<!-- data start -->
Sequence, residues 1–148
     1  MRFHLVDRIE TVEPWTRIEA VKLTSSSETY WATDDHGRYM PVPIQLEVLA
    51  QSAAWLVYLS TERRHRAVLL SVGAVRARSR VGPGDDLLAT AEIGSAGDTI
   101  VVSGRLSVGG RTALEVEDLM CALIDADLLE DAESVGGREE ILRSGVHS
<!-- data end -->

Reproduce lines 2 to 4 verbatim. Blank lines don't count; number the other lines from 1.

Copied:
     1  MRFHLVDRIE TVEPWTRIEA VKLTSSSETY WATDDHGRYM PVPIQLEVLA
    51  QSAAWLVYLS TERRHRAVLL SVGAVRARSR VGPGDDLLAT AEIGSAGDTI
   101  VVSGRLSVGG RTALEVEDLM CALIDADLLE DAESVGGREE ILRSGVHS